Editor’s Notes: This month marks the 40th Anniversary of Siskel and Ebert’s Television Debut.
Forty years ago this month, Chicago Tribune film critic Gene Siskel and now legendary film critic for the Chicago Sun-Times Roger Ebert began a television show called Coming Attractions which changed names and stations over the 24 years they were on together, but what never changed was the format or the influence.
The show’s origins were documented in Steve James’ stellar documentary Life Itself, taken from the memoir of Ebert and both the book and the film show that the idea for the show was not Ebert’s or Siskel’s but that of local Chicago television producers. The show debuted on Chicago PBS/Public Access and neither critic was very enthusiastic. Neither particularly liked the other, though they didn’t really know one another. Siskel harbored some resentment toward Ebert because his paper made him use the star rating system because Ebert and the Sun-Times used it and they felt they needed to stay competitive. Originally titled Opening Soon…at a Theater Near You, both critics were very static and stiff. Neither seemed to quite know what to do, despite Siskel being a contributor on a local news channel.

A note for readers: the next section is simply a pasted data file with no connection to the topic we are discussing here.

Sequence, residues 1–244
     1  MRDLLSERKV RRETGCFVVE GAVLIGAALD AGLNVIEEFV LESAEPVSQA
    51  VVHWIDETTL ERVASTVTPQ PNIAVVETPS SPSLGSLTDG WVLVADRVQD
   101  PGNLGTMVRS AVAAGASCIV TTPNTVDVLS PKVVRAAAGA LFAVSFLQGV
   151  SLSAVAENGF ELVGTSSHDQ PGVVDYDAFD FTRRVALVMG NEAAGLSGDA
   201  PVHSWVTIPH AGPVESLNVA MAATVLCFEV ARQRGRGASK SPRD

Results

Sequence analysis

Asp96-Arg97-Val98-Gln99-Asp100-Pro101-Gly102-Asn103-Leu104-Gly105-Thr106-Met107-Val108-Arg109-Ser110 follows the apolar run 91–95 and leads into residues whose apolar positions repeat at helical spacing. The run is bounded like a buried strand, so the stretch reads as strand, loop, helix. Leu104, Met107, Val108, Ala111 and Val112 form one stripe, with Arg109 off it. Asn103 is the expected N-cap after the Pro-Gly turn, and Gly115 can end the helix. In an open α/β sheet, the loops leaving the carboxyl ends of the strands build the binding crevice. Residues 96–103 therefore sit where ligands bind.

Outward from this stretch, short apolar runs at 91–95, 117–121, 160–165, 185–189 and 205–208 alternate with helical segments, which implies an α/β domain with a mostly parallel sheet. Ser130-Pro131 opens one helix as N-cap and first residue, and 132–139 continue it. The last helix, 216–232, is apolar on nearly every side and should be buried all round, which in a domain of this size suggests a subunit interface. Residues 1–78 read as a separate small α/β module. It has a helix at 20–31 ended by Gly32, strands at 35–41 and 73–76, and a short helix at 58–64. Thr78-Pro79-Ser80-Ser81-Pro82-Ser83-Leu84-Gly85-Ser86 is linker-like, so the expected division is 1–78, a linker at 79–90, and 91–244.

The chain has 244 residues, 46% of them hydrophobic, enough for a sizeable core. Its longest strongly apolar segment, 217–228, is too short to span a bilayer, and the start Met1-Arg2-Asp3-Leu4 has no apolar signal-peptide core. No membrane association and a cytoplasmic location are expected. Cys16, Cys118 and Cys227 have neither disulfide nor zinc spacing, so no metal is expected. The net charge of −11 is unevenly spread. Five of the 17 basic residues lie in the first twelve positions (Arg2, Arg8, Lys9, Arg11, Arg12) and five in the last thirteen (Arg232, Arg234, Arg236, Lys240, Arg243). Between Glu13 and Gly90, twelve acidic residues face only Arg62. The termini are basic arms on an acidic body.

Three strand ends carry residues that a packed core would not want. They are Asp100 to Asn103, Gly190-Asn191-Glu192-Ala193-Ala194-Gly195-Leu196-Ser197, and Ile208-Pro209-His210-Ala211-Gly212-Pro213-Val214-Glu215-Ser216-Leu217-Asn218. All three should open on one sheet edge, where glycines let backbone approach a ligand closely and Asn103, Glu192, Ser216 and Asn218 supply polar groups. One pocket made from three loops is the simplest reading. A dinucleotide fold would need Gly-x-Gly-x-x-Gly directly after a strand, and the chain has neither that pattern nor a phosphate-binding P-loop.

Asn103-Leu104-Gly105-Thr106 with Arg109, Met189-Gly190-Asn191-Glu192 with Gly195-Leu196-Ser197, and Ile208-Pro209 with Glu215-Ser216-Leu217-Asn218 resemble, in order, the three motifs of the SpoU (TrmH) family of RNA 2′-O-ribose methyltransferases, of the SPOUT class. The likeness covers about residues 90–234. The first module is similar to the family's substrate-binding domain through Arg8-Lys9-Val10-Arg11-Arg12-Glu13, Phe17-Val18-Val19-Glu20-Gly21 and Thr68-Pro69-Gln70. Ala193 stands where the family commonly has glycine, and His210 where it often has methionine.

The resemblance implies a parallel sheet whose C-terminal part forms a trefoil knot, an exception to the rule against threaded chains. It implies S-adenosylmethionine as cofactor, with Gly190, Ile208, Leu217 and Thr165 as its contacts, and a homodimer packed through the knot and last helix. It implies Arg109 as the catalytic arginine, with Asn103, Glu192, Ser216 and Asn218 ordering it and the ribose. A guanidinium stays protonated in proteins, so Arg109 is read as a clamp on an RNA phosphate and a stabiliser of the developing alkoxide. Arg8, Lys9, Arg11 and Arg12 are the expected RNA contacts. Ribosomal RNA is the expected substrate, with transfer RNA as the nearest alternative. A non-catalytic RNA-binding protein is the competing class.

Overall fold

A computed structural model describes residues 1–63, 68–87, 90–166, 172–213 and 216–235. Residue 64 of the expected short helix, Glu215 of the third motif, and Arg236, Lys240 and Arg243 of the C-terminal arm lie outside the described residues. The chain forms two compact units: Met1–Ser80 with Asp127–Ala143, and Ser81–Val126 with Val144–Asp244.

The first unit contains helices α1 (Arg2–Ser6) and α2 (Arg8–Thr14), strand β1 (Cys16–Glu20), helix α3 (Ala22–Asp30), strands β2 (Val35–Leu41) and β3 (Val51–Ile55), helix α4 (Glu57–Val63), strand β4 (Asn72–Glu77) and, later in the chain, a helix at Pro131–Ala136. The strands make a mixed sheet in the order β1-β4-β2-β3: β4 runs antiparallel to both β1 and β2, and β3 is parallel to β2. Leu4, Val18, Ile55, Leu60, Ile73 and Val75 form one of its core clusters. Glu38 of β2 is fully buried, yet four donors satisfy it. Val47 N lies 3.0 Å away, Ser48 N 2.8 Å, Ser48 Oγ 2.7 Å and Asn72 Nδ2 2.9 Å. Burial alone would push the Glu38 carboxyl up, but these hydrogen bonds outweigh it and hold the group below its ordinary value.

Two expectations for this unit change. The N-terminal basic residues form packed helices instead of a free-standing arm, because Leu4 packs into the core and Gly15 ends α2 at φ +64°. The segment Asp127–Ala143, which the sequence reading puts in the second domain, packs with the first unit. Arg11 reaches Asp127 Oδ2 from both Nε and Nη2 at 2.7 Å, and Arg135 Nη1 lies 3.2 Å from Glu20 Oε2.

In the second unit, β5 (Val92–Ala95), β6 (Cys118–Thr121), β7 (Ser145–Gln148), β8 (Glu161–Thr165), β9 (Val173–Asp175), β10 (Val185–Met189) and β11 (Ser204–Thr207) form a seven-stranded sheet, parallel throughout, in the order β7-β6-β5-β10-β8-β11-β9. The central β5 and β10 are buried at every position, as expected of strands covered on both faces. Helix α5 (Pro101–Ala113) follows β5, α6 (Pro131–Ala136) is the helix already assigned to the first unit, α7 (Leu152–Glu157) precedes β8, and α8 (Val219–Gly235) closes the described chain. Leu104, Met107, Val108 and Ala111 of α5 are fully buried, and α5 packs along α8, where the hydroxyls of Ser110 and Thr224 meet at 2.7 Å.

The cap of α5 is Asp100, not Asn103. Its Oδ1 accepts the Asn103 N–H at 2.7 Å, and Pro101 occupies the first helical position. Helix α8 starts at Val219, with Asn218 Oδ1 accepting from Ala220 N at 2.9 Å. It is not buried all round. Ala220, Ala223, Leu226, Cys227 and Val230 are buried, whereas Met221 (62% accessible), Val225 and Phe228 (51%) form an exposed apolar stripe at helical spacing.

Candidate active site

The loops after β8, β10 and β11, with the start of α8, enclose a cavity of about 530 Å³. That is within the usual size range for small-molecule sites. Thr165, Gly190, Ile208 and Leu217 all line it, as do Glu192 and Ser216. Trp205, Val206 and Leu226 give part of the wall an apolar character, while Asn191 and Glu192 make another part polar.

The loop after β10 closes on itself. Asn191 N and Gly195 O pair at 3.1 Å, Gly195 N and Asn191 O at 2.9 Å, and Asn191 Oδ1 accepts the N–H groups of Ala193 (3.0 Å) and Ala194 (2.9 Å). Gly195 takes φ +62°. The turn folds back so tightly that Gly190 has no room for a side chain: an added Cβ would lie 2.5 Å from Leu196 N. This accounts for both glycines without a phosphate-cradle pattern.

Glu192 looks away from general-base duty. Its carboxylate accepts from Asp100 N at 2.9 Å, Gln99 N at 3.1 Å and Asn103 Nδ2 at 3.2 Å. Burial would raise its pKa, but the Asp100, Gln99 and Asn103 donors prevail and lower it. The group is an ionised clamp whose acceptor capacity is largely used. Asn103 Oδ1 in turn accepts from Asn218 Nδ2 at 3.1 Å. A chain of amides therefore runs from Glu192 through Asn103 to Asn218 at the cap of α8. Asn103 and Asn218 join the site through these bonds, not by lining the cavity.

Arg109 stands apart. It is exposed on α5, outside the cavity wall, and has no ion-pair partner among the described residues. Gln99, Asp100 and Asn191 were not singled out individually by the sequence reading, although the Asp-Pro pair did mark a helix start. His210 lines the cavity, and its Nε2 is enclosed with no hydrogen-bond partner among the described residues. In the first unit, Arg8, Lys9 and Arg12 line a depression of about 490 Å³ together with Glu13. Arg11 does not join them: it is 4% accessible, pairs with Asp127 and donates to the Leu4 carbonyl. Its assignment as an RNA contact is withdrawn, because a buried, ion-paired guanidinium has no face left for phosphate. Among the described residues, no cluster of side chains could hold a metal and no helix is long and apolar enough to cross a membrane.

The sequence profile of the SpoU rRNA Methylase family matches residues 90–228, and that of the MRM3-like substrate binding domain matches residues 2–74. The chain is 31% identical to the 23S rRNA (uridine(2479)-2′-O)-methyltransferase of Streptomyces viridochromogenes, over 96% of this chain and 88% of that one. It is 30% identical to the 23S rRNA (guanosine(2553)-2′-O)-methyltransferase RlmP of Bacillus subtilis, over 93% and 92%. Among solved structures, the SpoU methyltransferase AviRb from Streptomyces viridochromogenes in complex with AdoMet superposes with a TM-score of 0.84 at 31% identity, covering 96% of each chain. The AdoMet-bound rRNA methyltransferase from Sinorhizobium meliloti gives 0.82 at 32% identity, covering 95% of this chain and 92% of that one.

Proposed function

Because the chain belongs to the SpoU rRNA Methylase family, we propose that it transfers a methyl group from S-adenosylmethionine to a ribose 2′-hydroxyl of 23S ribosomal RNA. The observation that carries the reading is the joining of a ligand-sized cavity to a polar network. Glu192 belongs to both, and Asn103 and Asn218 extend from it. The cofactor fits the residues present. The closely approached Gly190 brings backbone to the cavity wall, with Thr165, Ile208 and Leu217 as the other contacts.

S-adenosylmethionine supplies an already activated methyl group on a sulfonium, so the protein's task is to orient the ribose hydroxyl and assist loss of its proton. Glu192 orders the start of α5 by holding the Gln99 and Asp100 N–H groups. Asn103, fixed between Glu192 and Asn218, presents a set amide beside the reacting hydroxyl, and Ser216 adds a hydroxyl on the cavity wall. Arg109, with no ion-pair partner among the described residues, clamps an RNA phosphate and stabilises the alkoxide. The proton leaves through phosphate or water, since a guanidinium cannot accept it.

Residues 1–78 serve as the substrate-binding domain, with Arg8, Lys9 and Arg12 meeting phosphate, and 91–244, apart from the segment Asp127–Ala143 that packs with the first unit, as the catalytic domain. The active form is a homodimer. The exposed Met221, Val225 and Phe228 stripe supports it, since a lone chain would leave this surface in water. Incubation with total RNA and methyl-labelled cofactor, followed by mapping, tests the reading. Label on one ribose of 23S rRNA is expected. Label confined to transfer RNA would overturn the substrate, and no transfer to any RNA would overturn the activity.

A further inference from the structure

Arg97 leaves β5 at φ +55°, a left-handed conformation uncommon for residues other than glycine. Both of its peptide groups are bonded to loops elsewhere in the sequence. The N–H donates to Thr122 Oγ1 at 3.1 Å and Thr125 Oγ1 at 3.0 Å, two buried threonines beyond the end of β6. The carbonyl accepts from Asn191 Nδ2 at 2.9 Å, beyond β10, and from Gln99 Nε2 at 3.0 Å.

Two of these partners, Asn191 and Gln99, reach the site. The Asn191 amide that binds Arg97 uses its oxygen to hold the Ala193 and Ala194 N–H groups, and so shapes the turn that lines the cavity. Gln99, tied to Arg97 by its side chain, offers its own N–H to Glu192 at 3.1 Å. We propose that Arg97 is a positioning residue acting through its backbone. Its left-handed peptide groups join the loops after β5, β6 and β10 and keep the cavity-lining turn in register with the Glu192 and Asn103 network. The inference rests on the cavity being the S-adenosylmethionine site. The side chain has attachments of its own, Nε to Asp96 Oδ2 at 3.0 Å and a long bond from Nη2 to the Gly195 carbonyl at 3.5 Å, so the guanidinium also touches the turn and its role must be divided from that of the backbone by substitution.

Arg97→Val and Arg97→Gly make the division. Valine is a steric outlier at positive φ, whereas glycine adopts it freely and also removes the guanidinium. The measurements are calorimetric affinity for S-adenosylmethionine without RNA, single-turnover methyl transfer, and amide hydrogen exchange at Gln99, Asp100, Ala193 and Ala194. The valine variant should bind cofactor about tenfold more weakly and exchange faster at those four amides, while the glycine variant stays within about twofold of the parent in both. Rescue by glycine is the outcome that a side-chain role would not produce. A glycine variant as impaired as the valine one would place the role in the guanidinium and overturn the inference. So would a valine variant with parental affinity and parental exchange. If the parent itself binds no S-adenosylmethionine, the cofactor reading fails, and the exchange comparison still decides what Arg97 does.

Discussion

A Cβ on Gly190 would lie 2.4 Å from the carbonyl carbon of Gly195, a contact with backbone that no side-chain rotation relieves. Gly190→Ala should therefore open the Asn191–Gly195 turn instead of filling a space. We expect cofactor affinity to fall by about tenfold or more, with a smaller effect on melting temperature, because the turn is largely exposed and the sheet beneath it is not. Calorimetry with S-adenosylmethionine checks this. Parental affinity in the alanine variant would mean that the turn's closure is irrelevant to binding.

Over time and a name change to Sneak Previews, the two became more comfortable on camera and with each other. A sort of antagonistic relationship formed between them, with jabs at each other’s appearances and at their taste in films. Everyone remembers the fights they had, how bitter they could get and how angry each could become, but what is often forgotten is how well they agreed. Neither one was so egotistical that they couldn’t say” You’re right” or that they agreed completely with the other.
Siskel and Ebert successfully popularized film criticism, something that before their shows was considered high-brow and inaccessible to the broad audience.
The two later left Sneak Previews, opting out of a contract they didn’t like, which led to the creation of At the Movies, which lasted from 1982-1986. Sneak Previews continued in syndication with different hosts, but never regained its footing after Siskel and Ebert left. After At the Movies, the pair went to another nationally syndicated show called Siskel & Ebert & The Movies which is where they stayed until Siskel’s death in 1999. Ebert continued on, first alone then with Richard Roeper until Ebert lost his ability to speak in 2006 due to cancer in his jaw. He would produce his own version with hand-picked critics, but that didn’t last long as it was self-financed in a time just before the notion of crowd-funding had really taken off.